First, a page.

Anger management will also benefit anyone seeking to improve their relationships with others. But, this treatment may be particularly helpful for certain social groups including violent offenders, people with substance dependency, individuals with cognitive or mental health issues that make it difficult to control anger, and those affected by behavioral changes associated with traumatic brain injury (TBI) or posttraumatic stress (PTSD).
While anger management therapy aims to help people with their anger issues, it has the potential to also positively impact the people who make up the patient’s social network. Uncontrollable anger can lead to toxic psychological and physical conditions. Anger management is also a tool that helps control anger, which in turn reduces stress. Ultimately, anger management therapy can lower the risk for serious health problems like heart disease and high blood pressure.
Anger management therapy is only as effective as the patient makes it. For instance, anger management therapy may not be effective with people who refuse to recognize they even have anger issues. People with severe learning disabilities may have some difficulty responding to anger treatments as well. Treatments are sometimes based on principles of cognitive behavioral therapy (CBT), which makes it difficult for it to be effective without other mental health issues being addressed first.
That said, once you’re ready to commit to treatment, improving your ability to manage anger has several benefits to both yourself and the people in your life. You'll feel as if you have more control when life's challenges increase, which will improve reactions and ability to problem solve. Knowing how to express yourself assertively means you won't feel the frustration of holding in your anger to avoid offending someone.
Anger management can help you communicate your needs and learn how to recognize and talk through frustrations, rather than letting your anger flare up. Knowing how to express yourself can help you avoid impulsive and hurtful words or actions, resolve conflicts, and thus maintain positive relationships. Therapy will also alleviate the stress caused by ongoing angry feelings and risk of health problems, such as headaches, difficulty sleeping, digestive issues, heart problems and high blood pressure.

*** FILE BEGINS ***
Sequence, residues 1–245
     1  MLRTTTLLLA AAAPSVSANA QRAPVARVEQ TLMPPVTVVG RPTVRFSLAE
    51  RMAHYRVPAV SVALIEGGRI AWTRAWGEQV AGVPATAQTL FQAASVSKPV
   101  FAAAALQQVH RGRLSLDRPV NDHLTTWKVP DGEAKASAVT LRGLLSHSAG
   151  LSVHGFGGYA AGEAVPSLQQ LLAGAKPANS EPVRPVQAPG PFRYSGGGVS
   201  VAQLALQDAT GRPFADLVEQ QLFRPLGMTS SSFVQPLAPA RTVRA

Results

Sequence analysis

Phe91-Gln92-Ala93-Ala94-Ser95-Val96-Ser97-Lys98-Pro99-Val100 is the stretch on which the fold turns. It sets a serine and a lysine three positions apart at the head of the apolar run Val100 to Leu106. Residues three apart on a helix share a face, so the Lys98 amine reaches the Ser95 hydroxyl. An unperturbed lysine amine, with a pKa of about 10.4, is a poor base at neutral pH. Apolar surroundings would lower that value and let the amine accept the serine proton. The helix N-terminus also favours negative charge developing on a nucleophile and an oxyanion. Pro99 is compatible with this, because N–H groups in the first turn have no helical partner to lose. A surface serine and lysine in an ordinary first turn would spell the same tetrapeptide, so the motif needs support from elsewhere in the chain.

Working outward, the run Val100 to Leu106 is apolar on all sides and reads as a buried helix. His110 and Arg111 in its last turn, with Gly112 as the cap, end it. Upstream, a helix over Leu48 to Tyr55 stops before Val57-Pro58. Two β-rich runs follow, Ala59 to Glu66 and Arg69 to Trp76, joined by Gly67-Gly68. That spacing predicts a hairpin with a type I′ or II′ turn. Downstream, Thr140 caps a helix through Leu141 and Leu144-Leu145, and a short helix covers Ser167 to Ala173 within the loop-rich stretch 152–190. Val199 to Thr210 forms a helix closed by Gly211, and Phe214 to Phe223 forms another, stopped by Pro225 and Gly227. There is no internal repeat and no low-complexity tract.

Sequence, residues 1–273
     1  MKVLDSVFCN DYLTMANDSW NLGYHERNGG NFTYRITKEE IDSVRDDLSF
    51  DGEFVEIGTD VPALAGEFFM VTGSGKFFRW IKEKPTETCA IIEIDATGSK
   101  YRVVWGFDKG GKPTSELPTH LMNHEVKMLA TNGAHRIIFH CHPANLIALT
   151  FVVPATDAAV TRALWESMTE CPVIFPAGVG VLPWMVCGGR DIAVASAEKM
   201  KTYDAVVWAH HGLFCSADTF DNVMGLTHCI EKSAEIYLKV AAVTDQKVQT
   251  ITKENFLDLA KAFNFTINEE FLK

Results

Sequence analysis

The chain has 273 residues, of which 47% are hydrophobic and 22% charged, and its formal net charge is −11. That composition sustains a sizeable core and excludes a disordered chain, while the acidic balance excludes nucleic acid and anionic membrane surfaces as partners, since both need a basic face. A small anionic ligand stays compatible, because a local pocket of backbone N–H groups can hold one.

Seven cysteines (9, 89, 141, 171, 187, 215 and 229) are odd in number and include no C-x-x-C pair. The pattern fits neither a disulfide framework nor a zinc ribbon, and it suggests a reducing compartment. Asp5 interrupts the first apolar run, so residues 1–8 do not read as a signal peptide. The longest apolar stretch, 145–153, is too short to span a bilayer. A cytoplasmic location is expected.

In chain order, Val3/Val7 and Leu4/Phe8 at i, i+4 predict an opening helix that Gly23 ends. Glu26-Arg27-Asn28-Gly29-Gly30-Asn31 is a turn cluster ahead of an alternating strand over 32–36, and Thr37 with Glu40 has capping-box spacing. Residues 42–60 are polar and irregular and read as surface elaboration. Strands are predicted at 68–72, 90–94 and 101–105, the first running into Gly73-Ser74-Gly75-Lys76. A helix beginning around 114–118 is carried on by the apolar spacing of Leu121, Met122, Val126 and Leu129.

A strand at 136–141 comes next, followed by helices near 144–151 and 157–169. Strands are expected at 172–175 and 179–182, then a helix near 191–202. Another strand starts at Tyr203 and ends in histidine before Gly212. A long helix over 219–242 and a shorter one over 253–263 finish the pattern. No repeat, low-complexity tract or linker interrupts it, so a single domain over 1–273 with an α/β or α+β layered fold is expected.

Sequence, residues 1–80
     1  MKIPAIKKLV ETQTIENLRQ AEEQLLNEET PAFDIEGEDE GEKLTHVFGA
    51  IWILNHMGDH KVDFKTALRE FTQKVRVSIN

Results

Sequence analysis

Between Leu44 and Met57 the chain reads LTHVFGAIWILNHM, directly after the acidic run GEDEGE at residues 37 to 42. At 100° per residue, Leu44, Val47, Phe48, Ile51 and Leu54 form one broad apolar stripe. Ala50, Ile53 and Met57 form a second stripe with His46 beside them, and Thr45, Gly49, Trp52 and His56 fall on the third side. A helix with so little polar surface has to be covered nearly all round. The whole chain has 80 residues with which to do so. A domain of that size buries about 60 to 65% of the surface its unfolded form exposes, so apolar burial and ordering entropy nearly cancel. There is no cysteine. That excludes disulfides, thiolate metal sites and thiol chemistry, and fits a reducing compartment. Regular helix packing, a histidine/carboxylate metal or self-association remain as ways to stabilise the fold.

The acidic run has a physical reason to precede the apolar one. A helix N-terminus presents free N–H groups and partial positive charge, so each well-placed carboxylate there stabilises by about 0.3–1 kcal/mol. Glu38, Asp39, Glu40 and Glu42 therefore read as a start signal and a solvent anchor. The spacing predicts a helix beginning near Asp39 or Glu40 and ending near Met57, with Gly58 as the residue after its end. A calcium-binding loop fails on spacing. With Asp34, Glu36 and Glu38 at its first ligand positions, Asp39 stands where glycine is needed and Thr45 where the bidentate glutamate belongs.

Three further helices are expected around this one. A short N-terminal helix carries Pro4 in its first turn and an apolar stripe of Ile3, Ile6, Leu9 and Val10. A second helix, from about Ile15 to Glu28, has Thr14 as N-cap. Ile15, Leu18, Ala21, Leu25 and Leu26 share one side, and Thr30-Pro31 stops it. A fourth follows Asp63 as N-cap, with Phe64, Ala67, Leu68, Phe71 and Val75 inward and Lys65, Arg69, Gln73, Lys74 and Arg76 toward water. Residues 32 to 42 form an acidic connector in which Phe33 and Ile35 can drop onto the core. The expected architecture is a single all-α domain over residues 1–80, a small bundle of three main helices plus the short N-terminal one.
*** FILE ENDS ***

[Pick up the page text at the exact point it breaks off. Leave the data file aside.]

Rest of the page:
Skills learned in anger management therapy can help you channel your frustration into productivity. Anger expressed inappropriately can make it difficult for you to think clearly, and may result in poor judgment. You'll learn to use feelings of frustration and anger as motivators to work harder and take positive action.
It can take a little work to find an anger management program, a counselor specializing in anger management or other resources. Start by asking your primary care doctor or mental health professional for a referral to a program or counselor. Use a trust therapist matching service like Advekit, or ask someone who completed an anger management program or took other steps to manage anger. Once you find the right anger management therapist or counselor, you’ll start feeling the benefits immediately.
Alison LaSov, LMFT
Alison LaSov is a Licensed Marriage & Family Therapist with experience treating clients struggling with anxiety and depression. She predominantly focuses on mental health intervention for children and adolescents, particularly those who are in crisis. She has worked within the Los Angeles education system treating students with Individualized Education Plans (IEPs), as well as supervised a non-profit Teen Crisis Hotline out of Cedars-Sinai Hospital. Alison earned her B.A. from UCLA and M.A. from Pepperdine University. She is a native to Los Angeles and co-founder at Advekit.